hot wheels stunt track driver gameplay (high quality) – Hot Wheels: Stunt Track Driver Gameplay (High Quality
It was the main competitor of Matchbox before 1997, when Mattel bought Tyco Toys, then-owner of Matchbox.
Many auto manufacturers have licensed Hot Wheels to make scale models of the cars, permitting the use of initial design patterns and detailing. Even though Hot Wheels were initially meant for children and young adults, they’ve become popular with mature lovers, such as limited edition models are currently made available.
Racing track Collection
In addition to the cars themselves, Mattel produced a racing track set (sold separately). Even though it could be updated during time, the initial trail consisted of a string of brightly colored orange street segments (pieced together to form an oblong, circular race track), together with a single (or sometimes two) “super walkers” (artificial service stations through which cars passed onto the tracks, including battery-powered spinning wheels, which would propel the cars along the paths).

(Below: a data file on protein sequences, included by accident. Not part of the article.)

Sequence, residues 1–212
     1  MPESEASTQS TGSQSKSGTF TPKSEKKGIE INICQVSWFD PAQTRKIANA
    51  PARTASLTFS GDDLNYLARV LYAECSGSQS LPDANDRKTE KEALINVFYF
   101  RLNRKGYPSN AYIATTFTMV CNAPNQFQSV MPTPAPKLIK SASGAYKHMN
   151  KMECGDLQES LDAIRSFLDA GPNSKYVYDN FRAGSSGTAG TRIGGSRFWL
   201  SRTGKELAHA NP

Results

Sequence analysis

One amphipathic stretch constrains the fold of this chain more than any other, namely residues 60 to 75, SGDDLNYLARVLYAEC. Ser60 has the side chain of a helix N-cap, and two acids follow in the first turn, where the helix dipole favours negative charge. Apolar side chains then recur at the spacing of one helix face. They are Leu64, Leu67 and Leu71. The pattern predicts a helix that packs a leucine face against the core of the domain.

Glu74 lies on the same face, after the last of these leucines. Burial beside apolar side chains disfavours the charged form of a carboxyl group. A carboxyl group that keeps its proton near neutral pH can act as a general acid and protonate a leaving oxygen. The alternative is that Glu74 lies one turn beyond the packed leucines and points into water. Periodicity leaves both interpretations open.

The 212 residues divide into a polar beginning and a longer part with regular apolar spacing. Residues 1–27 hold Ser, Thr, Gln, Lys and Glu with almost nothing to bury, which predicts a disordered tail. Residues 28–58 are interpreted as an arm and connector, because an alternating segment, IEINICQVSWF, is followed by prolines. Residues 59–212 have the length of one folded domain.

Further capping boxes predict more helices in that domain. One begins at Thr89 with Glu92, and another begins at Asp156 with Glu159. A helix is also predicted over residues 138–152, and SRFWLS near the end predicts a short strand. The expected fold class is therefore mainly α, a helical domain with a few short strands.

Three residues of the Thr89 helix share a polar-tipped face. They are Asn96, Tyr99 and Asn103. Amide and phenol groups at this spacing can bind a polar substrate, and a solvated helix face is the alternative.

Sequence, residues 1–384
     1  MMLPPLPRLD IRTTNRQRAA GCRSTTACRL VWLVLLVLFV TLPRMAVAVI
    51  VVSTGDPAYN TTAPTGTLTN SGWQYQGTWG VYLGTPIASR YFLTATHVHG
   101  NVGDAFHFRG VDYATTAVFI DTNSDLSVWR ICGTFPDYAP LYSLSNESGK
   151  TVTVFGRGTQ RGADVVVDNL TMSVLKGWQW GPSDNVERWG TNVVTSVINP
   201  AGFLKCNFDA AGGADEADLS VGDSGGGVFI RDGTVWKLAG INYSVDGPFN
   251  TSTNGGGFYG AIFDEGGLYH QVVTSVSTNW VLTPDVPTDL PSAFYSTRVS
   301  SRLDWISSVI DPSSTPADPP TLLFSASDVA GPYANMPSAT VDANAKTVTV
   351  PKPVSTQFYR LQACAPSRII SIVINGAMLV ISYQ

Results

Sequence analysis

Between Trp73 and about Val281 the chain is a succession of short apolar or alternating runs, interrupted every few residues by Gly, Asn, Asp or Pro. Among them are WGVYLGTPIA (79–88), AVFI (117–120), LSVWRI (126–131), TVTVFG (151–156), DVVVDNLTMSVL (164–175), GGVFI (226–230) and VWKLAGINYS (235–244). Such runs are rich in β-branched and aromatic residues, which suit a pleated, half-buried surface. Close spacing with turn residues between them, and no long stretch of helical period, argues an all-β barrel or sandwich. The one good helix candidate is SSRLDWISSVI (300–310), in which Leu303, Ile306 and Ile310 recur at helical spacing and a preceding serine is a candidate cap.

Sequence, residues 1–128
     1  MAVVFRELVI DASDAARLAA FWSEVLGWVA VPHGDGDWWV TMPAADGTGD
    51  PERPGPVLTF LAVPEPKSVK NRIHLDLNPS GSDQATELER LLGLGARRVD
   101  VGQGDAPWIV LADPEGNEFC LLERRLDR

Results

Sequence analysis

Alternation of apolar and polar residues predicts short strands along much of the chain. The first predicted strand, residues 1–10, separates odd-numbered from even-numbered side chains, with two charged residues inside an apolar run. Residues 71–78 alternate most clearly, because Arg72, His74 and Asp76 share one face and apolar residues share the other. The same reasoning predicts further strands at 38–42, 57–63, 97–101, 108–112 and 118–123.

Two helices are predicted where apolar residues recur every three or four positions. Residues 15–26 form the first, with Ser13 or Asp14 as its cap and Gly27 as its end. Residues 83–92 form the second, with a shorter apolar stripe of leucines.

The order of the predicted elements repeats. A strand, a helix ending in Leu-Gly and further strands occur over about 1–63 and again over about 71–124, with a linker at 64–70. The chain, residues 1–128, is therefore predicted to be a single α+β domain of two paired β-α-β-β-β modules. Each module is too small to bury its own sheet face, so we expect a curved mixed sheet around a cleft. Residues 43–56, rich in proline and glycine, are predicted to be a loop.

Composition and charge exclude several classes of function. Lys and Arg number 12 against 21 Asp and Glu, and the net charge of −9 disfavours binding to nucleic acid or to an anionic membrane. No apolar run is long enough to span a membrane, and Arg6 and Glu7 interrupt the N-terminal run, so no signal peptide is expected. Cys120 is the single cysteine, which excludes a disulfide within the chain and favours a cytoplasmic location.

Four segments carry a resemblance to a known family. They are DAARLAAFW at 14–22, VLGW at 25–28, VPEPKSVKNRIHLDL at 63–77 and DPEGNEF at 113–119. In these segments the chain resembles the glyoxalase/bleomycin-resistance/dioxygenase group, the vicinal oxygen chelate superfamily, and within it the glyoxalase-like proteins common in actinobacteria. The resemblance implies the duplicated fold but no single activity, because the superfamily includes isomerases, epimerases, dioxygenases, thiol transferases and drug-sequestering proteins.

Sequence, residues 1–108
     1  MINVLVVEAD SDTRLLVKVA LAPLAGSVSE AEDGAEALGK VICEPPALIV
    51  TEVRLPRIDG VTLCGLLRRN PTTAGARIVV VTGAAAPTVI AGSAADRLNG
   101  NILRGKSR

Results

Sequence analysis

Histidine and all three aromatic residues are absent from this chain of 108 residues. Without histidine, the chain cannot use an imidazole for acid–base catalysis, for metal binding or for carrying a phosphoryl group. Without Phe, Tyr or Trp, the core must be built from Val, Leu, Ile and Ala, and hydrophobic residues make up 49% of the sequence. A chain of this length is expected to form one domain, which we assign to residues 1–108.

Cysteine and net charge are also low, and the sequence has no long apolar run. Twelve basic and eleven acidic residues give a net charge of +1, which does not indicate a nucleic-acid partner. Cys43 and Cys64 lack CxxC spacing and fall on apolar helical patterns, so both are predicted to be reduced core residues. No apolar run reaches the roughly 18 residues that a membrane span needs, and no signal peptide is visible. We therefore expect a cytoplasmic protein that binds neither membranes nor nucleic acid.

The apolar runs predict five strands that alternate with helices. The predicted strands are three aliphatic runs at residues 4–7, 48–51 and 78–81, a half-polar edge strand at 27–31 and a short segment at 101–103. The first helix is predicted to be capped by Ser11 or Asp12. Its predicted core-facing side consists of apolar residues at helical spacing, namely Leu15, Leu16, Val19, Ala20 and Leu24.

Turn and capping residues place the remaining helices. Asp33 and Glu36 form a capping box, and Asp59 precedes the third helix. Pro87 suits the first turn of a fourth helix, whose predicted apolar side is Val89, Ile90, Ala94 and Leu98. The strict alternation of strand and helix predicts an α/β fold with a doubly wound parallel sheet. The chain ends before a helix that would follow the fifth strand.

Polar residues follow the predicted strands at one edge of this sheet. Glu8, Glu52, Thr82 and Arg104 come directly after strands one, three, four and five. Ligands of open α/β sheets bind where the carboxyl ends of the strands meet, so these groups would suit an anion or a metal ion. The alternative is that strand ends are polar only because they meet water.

Through time, Hot Wheels cars are gathered mostly by kids, but in the last 15 years[vague] there has been a growth in the amount of adult collectors. Mattel estimates that 41 million children grew up playing with all the toys, the average collector has over 1,550 automobiles, and children between the ages of 5 and 15 have a mean of 41 automobiles. Most believe the collecting craze started with this Treasure Hunts in 1995. Mike Strauss has been known as the father of Hot Wheels collecting; he has organized two collectors’ occasions annually in some form since 1986. The very first event was the Annual Hot Wheels Collectors Convention, usually held every year at the fall. The conference occurred in various locations around the country until 2001, once the first Annual Hot Wheels Collectors Nationals was assembled together. Ever since then, the Conventions are held each year in southern California. The Hot Wheels Collectors Nationals rotate one of cities outside of California through the spring. Strauss has also published the quarterly Hot Wheels Newsletter since 1986 and has been one of the first to combine collectors all around the world. He also writes the Tomart’s Guide To Hot Wheels, a book listing history, car descriptions and worth, which is used by virtually every collector to learn more about the hobby and their own collection. Strauss sold his set from 2011 and retired in the Hot Wheels Newsletter.